reprinted from Freedom of the Press Foundation
As part of a new leak investigation, the Justice Department has secretly obtained the call records for twenty phone lines owned by the Assocated Press (AP), which could put sources for as many as one hundred reporters at risk. The AP called the move a "massive and unprecedented intrusion," saying they "regard this action by the Department of Justice as a serious interference with AP's constitutional rights to gather and report the news."
Press Freedom Index 2010 Map; that map may need changing soon, as the Obama administration leans harder and harder on whistleblowers, journalists and media organizations by Wikipedia
We agree. It's time to stop looking at all of these leak investigations and prosecutions as ancillary to press freedom; they are a direct attack on it. This should be an important wake-up call for journalists.
While this incident has brought the Justice Department's crackdown on leakers to a new extreme, it's important to remember, this storm has been brewing for a while now. In five years, the Obama administration has prosecuted more leakers under the Espionage Act than all other administrations combined, and virtually all these prosecutions have engulfed journalists one way or another.
As part of this current investigation, we've known the FBI has been data mining government officials' phone and email records for months, looking for links to journalists on a systematic scale. The Washington Post reported in January, the FBI is using new, "sophisticated software to identify names, key words and phrases embedded in e-mails and other communications, including text messages, which could lead them to suspects."
According to the Post, "The FBI also looks at officials' phone records -- who called whom, when, for how long." Anytime the FBI found a government official has contact with the unknown number of "particular" journalists, FBI agents were "confronting" officials with this information.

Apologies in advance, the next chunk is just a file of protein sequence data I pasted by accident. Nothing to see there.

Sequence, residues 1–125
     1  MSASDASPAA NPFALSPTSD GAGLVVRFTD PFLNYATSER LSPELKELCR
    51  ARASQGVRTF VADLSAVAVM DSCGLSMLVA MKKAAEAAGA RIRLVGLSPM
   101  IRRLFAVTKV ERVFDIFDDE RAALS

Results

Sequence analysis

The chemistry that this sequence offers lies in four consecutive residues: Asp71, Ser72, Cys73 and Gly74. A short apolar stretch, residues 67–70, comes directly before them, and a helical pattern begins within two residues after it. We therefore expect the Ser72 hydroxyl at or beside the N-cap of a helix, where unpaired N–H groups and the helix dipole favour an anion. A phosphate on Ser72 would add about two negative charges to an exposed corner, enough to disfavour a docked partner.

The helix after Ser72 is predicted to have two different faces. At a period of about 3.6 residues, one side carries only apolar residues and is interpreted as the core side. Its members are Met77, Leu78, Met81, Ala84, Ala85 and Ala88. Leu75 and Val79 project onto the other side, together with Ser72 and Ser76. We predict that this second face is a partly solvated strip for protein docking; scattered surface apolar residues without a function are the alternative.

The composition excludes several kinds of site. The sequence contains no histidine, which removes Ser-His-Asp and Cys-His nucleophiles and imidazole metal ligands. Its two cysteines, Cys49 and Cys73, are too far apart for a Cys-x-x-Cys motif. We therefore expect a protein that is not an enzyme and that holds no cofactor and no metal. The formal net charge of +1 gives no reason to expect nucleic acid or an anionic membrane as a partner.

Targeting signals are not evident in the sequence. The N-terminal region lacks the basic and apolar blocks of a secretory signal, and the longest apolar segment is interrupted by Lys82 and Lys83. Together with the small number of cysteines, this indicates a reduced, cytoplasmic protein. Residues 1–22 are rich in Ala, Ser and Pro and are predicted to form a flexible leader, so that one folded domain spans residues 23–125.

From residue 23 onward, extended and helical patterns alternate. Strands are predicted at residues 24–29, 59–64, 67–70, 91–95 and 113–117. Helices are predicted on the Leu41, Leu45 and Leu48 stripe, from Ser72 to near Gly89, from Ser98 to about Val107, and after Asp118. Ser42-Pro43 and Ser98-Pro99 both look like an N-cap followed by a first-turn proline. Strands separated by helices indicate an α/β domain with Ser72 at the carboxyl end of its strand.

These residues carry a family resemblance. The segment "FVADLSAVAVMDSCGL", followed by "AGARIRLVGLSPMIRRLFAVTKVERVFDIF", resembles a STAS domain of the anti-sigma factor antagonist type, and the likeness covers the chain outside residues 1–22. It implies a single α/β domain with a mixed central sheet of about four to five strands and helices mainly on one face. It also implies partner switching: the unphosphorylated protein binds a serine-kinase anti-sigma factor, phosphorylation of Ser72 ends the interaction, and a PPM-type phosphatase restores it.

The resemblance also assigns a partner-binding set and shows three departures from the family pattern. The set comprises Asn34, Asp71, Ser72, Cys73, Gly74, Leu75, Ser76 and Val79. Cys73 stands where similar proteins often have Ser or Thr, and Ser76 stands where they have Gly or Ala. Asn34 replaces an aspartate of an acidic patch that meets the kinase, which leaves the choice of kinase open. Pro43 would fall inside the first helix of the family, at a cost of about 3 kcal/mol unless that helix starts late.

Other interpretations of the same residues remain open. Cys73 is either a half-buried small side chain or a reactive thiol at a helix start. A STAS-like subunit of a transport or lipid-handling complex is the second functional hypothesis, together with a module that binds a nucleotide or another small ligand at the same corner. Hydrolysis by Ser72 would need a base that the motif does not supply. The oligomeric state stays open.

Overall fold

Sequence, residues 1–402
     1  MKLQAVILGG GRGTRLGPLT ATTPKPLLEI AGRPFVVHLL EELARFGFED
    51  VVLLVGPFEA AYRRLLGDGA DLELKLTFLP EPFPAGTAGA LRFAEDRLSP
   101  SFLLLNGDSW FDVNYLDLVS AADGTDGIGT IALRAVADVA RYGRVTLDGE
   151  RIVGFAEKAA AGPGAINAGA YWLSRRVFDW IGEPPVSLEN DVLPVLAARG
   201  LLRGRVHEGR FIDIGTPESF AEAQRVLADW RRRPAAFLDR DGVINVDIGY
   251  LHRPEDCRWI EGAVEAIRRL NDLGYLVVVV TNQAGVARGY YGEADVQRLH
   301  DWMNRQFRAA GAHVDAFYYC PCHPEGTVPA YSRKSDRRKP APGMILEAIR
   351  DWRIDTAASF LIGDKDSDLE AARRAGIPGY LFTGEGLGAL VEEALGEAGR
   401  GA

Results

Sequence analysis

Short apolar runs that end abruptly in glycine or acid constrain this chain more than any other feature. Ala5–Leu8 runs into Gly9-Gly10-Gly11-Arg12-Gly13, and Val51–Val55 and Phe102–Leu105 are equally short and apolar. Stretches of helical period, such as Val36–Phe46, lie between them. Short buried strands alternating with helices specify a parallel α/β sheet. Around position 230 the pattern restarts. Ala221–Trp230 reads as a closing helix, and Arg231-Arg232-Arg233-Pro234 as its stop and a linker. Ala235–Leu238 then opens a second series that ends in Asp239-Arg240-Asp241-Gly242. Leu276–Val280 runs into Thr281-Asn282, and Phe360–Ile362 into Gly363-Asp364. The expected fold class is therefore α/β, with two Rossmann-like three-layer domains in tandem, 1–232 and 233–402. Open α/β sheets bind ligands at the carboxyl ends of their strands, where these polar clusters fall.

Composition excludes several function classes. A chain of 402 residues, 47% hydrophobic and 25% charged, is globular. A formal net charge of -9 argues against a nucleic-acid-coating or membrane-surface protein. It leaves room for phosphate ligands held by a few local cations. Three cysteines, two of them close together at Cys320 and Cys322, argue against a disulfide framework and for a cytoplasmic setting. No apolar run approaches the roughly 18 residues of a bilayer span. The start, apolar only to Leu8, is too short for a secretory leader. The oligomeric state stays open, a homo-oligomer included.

A similar leak investigation to the one that has engulfed the AP is aimed at New York Times sources for its investigation into secret US cyberattacks. The government refused to comment if the Justice Department has gone to similar extremes with the New York Times' phone lines.
Regardless, as the New York Times reported on their front page in August of last year, these leak investigations are "casting a distinct chill over press coverage of national security issues as agencies decline routine interview requests and refuse to provide background briefings." The Huffington Post recently interviewed several of the nation's most prominent national security journalists, all of whom confirmed it's a perilous time for journalists who are reporting on what the government considers secret.
The Justice Department does not deny this. When asked about the Obama administration's crackdown on leakers last June, a senior Justice Department (DOJ) official told longtime national security reporter Shane Harris that the DOJ is "out for scalps." Harris' DOJ source also "made it clear that reporters who talked to sources about classified information were putting themselves at risk of prosecution."
And it may be about to get worse.
In another leak case, New York Times reporter James Risen has been fighting a subpoena from Obama's Justice Department for years. The Obama DOJ is after his sources for a chapter in his book about the Bush administration,State of War. (You can read the incredible chapter at issue, about a spectacularly bungled CIA mission that allegedly handed nuclear bomb blueprints to Iran, here.)
The Obama administration inherited the case from the Bush administration, and despite the fact that the district court judge sided with Risen during both the grand jury and trial, DOJ has continued to appeal the case. Last May, the DOJ argued before the Fourth Circuit that reporters' privilege does not exist at all for national security reporters. Disturbingly, the Justice Department said that Risen protecting his sources was "analogous" to refusing to testify about receiving drugs from a confidential source.
The Fourth Circuit Appeals Court decision could come down any day now, and it will undoubtedly be the most important press freedom decision in a decade or more.
And while it has curiously receded from national headlines, the Justice Department also still has an active grand jury investigation open against WikiLeaks for publishing classified information. If such a prosecution succeeds, it will be open season on media organizations that publish stories that touch on information the government considers secret, putting virtually every national security journalist at risk of prosecution.
In fact, the House of Representatives held a hearing just last July in which multiple Congressmen openly discussed throwing New York Times journalists in jail for publishing classified information about secret cyberattacks and CIA drone strikes. By staying quiet about the WikiLeaks grand jury, journalists only increase this risk.
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